According to certain findings, idlis might not be completely Indian after all. K.T. Achaya, a famous food scientist and historian, had conjectured some time ago that the modern idli recipe might have originated in present-day Indonesia.

A form of idli known as ‘iddalage’ is mentioned in a 920 CE Kannada language work by Shivakotiacharya, and similar recipes were found in later writings, such as the Sanskrit Manasollasa of 1130 CE, which has a similar recipe known as ‘iddarika’. The first Tamil work to mention idli, known as ‘itali’, dated to the 17th century. However, all of these supposedly tasted quite different from the idlis we eat today.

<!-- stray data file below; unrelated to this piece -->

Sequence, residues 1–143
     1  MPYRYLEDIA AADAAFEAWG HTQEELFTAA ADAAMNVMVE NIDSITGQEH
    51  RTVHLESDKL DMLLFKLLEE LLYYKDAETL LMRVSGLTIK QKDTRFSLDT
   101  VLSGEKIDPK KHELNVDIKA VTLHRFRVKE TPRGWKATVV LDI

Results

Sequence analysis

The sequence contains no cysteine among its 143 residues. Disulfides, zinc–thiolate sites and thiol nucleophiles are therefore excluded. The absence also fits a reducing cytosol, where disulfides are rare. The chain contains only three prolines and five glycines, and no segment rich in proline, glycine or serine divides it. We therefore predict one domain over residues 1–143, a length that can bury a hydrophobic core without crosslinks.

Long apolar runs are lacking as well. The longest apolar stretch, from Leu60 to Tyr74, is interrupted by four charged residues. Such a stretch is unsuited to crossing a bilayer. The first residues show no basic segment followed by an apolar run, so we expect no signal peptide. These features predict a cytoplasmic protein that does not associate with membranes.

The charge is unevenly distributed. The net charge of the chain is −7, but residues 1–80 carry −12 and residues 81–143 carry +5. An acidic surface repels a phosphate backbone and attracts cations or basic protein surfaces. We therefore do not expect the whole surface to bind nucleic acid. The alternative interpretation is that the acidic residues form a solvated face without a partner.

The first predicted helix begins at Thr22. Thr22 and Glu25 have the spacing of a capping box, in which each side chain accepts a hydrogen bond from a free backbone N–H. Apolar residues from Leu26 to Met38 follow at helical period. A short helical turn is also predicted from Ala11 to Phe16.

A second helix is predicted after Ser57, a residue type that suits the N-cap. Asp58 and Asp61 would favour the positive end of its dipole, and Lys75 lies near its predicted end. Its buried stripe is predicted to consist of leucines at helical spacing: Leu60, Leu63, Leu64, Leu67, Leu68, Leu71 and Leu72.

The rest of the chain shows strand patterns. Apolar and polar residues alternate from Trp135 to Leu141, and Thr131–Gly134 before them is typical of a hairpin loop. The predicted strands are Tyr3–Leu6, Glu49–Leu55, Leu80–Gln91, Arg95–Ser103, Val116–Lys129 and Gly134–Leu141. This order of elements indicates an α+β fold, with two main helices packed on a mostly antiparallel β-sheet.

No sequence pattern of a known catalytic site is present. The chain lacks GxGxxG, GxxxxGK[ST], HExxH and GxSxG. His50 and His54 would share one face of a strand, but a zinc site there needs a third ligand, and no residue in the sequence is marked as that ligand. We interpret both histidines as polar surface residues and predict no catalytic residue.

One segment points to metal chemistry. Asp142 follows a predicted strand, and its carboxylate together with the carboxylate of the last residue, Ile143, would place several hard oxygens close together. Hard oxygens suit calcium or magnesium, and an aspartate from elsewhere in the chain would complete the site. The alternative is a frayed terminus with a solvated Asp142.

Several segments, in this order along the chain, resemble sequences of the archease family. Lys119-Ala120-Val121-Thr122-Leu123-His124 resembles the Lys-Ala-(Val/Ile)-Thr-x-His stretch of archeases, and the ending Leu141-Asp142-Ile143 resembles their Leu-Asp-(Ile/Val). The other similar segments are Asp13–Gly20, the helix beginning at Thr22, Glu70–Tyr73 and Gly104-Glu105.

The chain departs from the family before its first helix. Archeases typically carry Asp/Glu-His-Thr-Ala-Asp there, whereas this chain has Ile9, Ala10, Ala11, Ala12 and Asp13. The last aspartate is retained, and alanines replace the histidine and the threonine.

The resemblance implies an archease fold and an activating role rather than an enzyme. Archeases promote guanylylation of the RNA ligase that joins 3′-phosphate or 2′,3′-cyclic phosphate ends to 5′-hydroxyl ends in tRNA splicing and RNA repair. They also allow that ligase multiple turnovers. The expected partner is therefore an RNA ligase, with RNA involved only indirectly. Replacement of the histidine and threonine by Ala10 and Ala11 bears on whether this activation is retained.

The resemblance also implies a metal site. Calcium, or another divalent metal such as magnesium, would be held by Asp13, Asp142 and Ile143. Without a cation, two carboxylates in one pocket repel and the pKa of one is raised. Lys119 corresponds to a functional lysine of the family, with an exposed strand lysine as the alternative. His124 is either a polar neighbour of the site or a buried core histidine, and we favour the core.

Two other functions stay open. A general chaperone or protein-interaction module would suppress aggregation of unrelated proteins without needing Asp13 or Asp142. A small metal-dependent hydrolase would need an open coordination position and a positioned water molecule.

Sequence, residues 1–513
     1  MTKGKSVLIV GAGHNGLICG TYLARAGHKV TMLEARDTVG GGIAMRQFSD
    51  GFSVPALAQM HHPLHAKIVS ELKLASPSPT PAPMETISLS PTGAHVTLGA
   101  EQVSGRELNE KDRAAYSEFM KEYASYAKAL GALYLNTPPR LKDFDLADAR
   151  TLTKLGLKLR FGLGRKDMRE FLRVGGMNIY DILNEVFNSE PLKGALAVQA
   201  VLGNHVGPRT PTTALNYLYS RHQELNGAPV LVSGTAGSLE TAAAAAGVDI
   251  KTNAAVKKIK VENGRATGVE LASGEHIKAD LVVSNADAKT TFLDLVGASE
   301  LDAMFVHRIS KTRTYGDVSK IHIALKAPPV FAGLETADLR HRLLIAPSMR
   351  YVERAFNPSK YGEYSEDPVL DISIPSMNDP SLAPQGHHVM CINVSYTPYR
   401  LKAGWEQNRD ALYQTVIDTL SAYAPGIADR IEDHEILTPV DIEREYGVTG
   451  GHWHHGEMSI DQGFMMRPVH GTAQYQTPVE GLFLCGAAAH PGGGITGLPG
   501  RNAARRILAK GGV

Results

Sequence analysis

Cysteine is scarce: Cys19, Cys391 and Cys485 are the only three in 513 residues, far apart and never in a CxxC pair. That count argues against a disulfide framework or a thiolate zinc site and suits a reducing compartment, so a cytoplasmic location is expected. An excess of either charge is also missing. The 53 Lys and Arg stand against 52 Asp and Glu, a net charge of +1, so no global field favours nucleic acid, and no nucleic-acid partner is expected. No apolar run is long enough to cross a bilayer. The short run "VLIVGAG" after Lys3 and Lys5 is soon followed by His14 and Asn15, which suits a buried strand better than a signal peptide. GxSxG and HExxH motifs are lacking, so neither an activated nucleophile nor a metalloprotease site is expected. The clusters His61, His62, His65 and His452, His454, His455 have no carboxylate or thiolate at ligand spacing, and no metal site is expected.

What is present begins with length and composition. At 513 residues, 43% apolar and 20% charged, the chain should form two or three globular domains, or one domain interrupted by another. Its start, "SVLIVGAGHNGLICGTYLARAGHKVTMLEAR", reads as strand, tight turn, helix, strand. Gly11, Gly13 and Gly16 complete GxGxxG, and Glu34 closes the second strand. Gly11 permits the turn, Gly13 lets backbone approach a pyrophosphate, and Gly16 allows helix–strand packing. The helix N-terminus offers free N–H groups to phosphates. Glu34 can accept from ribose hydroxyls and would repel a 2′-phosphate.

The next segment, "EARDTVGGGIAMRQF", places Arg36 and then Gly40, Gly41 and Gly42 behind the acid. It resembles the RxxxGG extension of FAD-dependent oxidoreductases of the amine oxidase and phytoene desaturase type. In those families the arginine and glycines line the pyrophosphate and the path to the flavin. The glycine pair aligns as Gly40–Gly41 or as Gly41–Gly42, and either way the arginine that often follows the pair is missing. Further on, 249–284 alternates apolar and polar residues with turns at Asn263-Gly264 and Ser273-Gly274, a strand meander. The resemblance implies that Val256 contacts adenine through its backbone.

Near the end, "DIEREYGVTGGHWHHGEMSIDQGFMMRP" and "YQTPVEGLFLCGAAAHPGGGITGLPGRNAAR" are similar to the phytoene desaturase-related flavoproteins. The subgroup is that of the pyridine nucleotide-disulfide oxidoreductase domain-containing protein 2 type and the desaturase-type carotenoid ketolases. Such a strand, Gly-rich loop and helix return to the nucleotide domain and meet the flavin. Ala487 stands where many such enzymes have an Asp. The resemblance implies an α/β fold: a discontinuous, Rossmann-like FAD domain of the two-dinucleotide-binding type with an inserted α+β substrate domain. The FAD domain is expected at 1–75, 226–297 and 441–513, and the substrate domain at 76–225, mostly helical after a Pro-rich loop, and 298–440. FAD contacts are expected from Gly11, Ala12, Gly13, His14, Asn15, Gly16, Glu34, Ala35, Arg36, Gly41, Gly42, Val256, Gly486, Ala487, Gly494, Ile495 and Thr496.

The recipe for idli in the works of ancient India did not mention 3 key aspects; namely, the use of rice grits as well as urad dal, the long fermentation of the mix, and the steaming for fluffiness. K.T. Achaya stated that these idlis were only referenced after 1250 CE, and the recipe was probably brought to the country by the cooks of Hindu Kings in what is now Indonesia. These kings would often travel to India between the 8th and the 12th centuries in search of brides, and the cooks accompanying them introduced the concept of the modern-day idli to India.